Developing

Turkish economic success falls victim to political turmoil

Turkey was once hailed as an economic success story, clambering out of a financial abyss with reforms over the past decade to near double-digit growth, a construction boom and improved prosperity.

But today the picture is bleak, overshadowed by an escalating political crisis that threatens Prime Minister Recep Tayyip Erdogan's own future and the country's hard-won economic gains.

The turmoil has seen stocks plunge and sent the lira tumbling to record lows, casting doubt on government goals of reining in inflation and sparking warnings of stagnation in the emerging economy.

Analysts say the lira could yet fall further, with Turkey also at risk of a credit crunch as its yawning current account deficit makes it vulnerable to outside forces, particularly the US tapering of its massive monetary stimulus.

"Combine this with political risk: corruption scandals, accusations of a potential coup and fears that the government is trying to erode the independence of the judiciary have led to widespread protests, and the financial situation for Turkey could deteriorate fast," said Kathleen Brooks at online trading site Forex.com

"It is no wonder that investor sentiment is negative on Turkey."

The Istanbul share market has lost about 20 percent of its value over the past year, the lira has sunk to historic lows of 3.0 to the euro and 2.2 to the dollar and 10-year bond rates are above 10 percent -- higher even than in troubled Greece.

Rivals 'want to taint Turkey's image abroad'

The government, a model of stability for most of Erdogan's 11 years in power, has been rocked by a corruption scandal targeting key members of the premier's inner circle just six months after massive nationwide protests against his rule.

The probe is looking into allegations of corruption by a state-owned bank and bribery in construction projects -- one of the booming sectors under Erdogan.

It has badly tarnished the image of his Islamic-leaning Justice and Development Party, which took office pledging to wipe out endemic corruption and whose initials AK mean "purity" in Turkish.

Erdogan -- seen as increasingly autocratic by opponents -- has retaliated by conducting mass purges in the police, moving to curb the powers of the judiciary and axing rivals from state institutions.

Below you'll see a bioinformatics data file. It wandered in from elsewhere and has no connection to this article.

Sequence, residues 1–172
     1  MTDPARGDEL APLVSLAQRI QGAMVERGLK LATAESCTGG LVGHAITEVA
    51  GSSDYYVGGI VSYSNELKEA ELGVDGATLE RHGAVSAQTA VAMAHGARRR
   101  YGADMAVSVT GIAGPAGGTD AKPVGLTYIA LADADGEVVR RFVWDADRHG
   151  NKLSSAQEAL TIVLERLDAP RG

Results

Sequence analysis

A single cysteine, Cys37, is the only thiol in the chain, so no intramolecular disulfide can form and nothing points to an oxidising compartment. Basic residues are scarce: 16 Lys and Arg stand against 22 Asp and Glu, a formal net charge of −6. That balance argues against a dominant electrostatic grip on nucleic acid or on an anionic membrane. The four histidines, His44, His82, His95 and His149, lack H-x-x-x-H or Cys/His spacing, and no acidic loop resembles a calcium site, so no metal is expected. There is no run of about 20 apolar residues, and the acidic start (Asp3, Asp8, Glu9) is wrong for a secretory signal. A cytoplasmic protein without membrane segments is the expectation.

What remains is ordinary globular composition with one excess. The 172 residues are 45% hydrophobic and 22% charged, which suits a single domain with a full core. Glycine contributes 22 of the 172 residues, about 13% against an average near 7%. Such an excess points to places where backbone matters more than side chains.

The combative premier has lashed out at what he describes as a coup plot by followers of ally-turned-nemesis Fethullah Gulen, an exiled cleric who retains influence in key state apparatus.

"That organisation and its allies in the media are trying to deal a heavy blow to economy, hike interest rates, scare foreign investors, saboutage energy policies, and taint Turkey's image abroad," Erdogan thundered this week.

The crisis has raised concerns among economic analysts as much as rights groups and the EU about the threat to the rule of law and democracy.

Deputy Prime Minister Ali Babac warned that Turkey's economic goals could be at risk "if we can't make an investor, whether domestic or international, take the view 'I trust the Turkish legal system'."

Finance Minister Mehmet Simsek conceded that the US Fed policies and the political crisis could impact growth but insisted any slowdown would be temporary "because Turkey?s footing is firm".

Officials are forecasting gross domestic product to expand by four percent this year, down from lofty rates near nine percent in 2010.

Inflation is also projected to come down to 5.3 percent from 7.4 percent in 2013 -- still a far cry from the runaway rates of 3,000 percent at the peak of the financial crash in 2001.

Unemployment remains high at just under 10 percent but down from a 2009 peak of over 14 percent in the wake of the global financial crisis.

'Crisis dealt a blow to confidence'

Inan Demir, chief economist at Finansbank, said the government's greatest achievements had been to sustain robust growth and more than triple per capita income.

"However, this success was underpinned by the availability of cheap global liquidity and Turkey attracted substantial amounts of foreign capital, causing it to post sizeable current account deficits in the process," he said.

He said the current account deficit, over 7.0 percent of GDP, posed the biggest risk to the economy right now.

"The political crisis has already dealt a blow to (consumer) confidence," said Demir, a sentiment he said would likely be reflected in the postponement of spending decisions, particularly on big ticket items, and an increase in foreign currency deposits.

Jittery Turks have already sharply increased their holdings of foreign currency by $20 billion over the past six months to $118 billion.

Demir said the weaker currency could hit corporate investment plans and potentially "bring economic activity to a standstill and even lead to negative GDP growth if the exchange rate shock is large and sustained enough".

London-based Capital Economics said improved governance had been a key ingredient in Turkey's economic success story, with strengthened banking regulations and fiscal policy as well as EU-demanded political reforms.

"Worryingly, however, the AK party?s commitment to reforms has been waning in recent years," it said. If the government starts to backslide... the consequences could be even more severe."

Financial markets are likely to be watching the central bank meeting on Tuesday for any moves on interest rates to shore up the currency.

The bank sold $17.6 billion of foreign currency reserves last year to support the lira but has been reluctant to raise rates.

But Brooks warned: "Turkey?s lists of problems are stacking up and there does not seem to be any solutions in sight, which could keep investors wary of the lira for some time."